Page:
How To Ensure Your QA Testing Finds Defects

A common misconception about software quality assurance can be found right in its name–that the process is in place to confirm a piece of software is quality. However, the ultimate goal of any QA testing cycle should be to find all the ways a piece of code or software isn’t quality and help a DevOps team figure out what to do about it before release. Whether you’re an executive, a manager, or an engineer, you should never be operating under the assumption that an application in development is anything but flawed. So if your tests are coming up roses across the board, it’s not time to celebrate—it’s time to ask if they are good tests. How can you ensure that your QAs actually finding software defects? Here’s our tried-and-tested advice based on decades of global software testing.

 

Plan and Define Your QA Goals

One of the most common issues we see when consulting with clients is testing that is being conducted without clearly defined test cases. Without a goal for the test that is specific to the application, we wonder, why run the test at all? Before running a software test, a team should be asking:

  • What requirement is this test going to examine?
  • What prerequisite tests do we need to run before this one?
  • What will be the steps for the test?
  • What is the expected result—and, later, what was the actual result?

Knowing exactly why a test needs to be conducted and what the expected outcomes are is the first step to identifying defects.

 

Specify and Specialize Tester Roles

Quality assurance is a broad category of work and can apply to many different components of a piece of software. For instance, a banking company may have applications that are used by bank tellers, loan officers, an HR team, and consumer-facing mobile banking. Asking a team of QA specialists to conquer the entire spectrum of conditions and uses may result in inconsistent test results, particularly if a single tester or group of testers are inexperienced in a particular area; mobile testing, for example, has a wholly different set of requirements than a proprietary software used internally by the human resources department. Rather, it makes more sense to divide your QA team into dedicated sectors that can handle specific areas of software. Not only will this ease the load carried on the shoulders of your specialists, but splitting up the work can improve quality by allowing individual testers to learn the nuances of a section of applications.

Specify Code Quality Metrics

Both QA engineers and their managers need to be able to concretely say whether a testing process is producing good or bad results. To do so, a department should be implementing universal code metrics. Though there are many options for preestablished measurement tools, a standard and often used one is the CISQ Software Quality Model. This standard breaks down quality of software into five categories, and can help determine how to develop your tests:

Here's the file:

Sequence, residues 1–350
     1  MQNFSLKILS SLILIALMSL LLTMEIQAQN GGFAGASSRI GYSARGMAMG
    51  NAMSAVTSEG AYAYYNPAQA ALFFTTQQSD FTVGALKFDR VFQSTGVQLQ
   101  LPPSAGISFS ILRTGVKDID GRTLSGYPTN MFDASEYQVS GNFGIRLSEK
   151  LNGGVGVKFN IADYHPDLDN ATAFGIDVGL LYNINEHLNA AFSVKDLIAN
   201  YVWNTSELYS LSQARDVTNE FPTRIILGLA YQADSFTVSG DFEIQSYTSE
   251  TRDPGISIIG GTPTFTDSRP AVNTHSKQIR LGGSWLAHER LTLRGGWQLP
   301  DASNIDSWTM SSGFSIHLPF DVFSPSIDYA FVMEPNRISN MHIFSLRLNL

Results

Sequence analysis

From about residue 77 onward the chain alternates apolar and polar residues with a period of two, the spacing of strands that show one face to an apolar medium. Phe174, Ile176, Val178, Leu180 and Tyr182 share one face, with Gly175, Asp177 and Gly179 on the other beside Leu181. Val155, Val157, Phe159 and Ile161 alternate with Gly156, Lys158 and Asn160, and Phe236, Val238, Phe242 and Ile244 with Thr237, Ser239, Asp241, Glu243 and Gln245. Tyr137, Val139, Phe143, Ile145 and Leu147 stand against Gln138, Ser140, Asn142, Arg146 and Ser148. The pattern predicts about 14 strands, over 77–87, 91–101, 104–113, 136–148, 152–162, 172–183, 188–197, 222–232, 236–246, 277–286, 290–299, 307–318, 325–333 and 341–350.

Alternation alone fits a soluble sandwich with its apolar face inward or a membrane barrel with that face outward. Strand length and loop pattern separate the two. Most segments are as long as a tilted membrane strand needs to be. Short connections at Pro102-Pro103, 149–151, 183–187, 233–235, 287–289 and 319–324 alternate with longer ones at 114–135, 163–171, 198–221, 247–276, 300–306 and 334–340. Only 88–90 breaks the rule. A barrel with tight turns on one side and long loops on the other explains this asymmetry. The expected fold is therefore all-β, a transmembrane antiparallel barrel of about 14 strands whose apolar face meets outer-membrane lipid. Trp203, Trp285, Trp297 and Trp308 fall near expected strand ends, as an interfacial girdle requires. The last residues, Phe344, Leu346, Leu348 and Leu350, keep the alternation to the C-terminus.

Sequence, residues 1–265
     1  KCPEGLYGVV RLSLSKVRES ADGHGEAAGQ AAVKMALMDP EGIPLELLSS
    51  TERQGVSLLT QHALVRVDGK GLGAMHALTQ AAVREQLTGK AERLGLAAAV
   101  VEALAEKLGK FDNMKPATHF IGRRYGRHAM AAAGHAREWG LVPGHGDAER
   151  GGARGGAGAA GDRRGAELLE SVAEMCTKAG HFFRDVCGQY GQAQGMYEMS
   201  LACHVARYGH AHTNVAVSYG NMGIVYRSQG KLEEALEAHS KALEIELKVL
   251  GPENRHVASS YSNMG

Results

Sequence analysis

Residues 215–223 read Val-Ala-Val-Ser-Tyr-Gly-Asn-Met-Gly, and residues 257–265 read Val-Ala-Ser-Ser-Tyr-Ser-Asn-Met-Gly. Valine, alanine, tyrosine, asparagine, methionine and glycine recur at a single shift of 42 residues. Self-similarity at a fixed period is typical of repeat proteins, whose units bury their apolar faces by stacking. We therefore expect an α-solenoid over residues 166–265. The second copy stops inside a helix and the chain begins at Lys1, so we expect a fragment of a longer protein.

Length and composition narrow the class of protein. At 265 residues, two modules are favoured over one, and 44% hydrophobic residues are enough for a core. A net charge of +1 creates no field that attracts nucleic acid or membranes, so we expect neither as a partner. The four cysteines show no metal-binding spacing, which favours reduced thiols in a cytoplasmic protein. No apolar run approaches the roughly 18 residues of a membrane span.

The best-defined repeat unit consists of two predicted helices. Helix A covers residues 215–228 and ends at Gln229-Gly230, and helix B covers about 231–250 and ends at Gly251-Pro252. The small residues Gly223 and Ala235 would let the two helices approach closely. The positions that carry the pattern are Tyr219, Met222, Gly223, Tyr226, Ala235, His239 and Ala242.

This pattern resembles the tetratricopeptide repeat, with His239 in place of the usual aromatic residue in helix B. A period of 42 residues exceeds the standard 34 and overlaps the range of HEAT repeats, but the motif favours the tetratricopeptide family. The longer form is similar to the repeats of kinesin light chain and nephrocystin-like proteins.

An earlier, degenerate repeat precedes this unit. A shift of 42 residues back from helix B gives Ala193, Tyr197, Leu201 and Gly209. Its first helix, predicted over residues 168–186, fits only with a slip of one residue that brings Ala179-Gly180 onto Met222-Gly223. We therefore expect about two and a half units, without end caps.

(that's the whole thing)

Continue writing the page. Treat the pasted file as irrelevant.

• Reliability – How long can a particular system run without producing failure; confirms application downtime.
  • Performance Efficiency – How does a system perform in a specific time frame during varying conditions. This includes load, stress, and functionality testing.
  • Security – Can a system protect data against breaches? Often this is measured by whether information was lost, and if so, how much.
  • Maintainability – How easy is it for a piece of software to be modified for other purposes?
  • Rate of Delivery – How many software releases are provided for users?

 

Automate Repetitive QA Tests

Although all QA testing is important to software development, not all tests are necessarily created equal, or need to be re-created with every release cycle. There are some that are inherently repetitive and monotonous and can force your most talented QA specialists to spend hours or even days running iterations of tests instead of making an impact in other areas. It is important to note, though, that some tests are better automation candidates than others. Automate the most repetitive tests on multiple builds or data sets, or tests that may fail due to human error. Good examples include regression testing, load testing, or regularly scheduled functionality tests. In fact, automated testing can integrate with the ever-necessary process of continuous integration and continuous delivery.

Quality assurance testing is your #1 resource when it comes to producing successful pieces of software. Without an adequate testing team working hard to find specific defects and flaws, you may be stuck fixing issues far down the line that inconvenience your staff as well as your customers. That’s where iLAB comes in. We are industry leaders in QA testing and can help to ensure your applications are running smoothly, as well as to help train your existing team to produce stellar software. Contact us today to learn more.